Review – Cold In July

Poster for 2014 thriller Cold In July

Genre: Thriller
Certificate: 15
UK Release Date: 27th June 2014
Runtime: 110 minutes
Director: Jim Mickle
Writer: Jim Mickle, Nick Damici
Starring: Michael C Hall, Sam Shepard, Don Johnson, Vinessa Shaw, Wyatt Russell
Synopsis: A suburban Texas father is plunged into a world of darkness and crime when he accidentally shoots dead an intruder in his home.



Between William Friedkin’s Killer Joe and the Coen Brothers’ Oscar-winning No Country For Old Men, the “Texas Noir” genre is really starting to spread its wings. Next up is Cold In July – an initially conventional home invasion thriller that morphs into something completely different and darker.

When he hears a noise late at night, Richard Dane (Michael C Hall) loads a pistol and accidentally discharges it into the head of the intruder. Unfortunately for him, the intruder was the son of a convict (Sam Shepard) who had just been released from prison. As the father threatens Dane’s family, he becomes involved in a criminal conspiracy that goes to dark places and involves grizzled investigator Jim Bob (Don Johnson).

Cold In July works as well as it does because it’s about as unpredictable as it could possibly have been. Every time it feels as if the narrative is about to take a turn for the conventional, director and co-writer Jim Mickle turns the film on its head to create something completely different. The opening grabs the audience by the scruff of the neck and Mickle just keeps shaking until the end credits roll.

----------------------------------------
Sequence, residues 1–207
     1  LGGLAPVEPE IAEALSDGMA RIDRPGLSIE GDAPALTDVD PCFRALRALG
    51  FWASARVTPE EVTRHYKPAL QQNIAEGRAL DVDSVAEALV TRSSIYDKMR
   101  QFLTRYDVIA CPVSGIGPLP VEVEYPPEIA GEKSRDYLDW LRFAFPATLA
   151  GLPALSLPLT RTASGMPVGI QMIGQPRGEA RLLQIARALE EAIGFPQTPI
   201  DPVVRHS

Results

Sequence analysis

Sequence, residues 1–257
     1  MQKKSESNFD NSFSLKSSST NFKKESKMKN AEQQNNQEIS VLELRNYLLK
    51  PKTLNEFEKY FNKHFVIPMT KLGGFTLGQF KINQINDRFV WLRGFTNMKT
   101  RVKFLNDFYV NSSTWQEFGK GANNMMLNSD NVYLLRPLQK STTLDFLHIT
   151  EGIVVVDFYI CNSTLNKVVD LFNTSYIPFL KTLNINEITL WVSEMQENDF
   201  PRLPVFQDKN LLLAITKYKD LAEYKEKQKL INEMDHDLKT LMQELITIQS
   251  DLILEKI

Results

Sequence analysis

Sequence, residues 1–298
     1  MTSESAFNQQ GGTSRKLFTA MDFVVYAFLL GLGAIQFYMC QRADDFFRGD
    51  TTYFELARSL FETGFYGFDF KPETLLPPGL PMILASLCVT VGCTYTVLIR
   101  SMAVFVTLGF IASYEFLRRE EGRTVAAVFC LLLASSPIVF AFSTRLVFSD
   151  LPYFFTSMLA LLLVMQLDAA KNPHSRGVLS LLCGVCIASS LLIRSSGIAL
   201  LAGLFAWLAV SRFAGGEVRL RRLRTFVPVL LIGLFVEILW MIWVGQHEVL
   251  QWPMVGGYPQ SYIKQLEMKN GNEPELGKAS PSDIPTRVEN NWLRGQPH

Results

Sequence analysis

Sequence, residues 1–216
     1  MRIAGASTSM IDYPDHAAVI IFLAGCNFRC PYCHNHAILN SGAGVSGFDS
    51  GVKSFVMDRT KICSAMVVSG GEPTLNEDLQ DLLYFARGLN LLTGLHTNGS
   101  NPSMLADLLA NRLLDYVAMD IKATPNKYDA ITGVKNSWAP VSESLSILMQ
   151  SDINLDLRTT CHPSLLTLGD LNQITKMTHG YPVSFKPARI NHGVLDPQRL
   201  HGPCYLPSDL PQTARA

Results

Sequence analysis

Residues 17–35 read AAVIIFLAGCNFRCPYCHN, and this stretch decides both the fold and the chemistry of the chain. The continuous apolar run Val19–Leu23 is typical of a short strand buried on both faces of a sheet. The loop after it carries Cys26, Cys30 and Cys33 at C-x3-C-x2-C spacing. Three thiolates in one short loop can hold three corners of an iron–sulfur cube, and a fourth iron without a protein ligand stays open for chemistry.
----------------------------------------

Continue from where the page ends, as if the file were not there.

| "Now? We bury that son of a bitch.”

Michael C Hall, best known as the uber-confident serial killer in TV drama Dexter, shines in a more vulnerable role here. His family man is believable and bewildered by the darkness unfolding around him. He transforms into someone more brutal and world-weary as the film continues, anchoring Cold In July with his emotive performance.

Sam Shepard and Don Johnson also find plenty to distinguish themselves with in their complex supporting roles, with Shepard shouldering a lot of the story’s heavy lifting in the third act.

Cold In July is sure-footed in how it deals with the dark layers of its unfolding storyline. It doesn’t pull any punches in its depiction of the pitch-black underworld it penetrates, crafting a truly shocking climax from its humble beginnings. The tone is grubby and macabre, establishing a universe that never allows the audience to sit back and get comfortable.

| "The cops are up to something. They used my family as bait and I want to know why."

Jim Mickle has produced a real gem with Cold In July. It’s taut, well-acted and utterly convincing in its portrayal of humanity’s dark heart. As “Texas Noir” continues to prosper, Mickle must be seen as one of the genre’s key proponents.


Pop or Poop?

Rating: Pop!

Cold In July is an exquisitely crafted crime thriller, twisting and turning at every possible opportunity. The viewer is constantly disorientated as assumptions and loyalties change in the blink of an eye.

Michael C Hall and Sam Shepard give excellent performances, with Hall especially sending his character on a real journey away from the comfort of his home.


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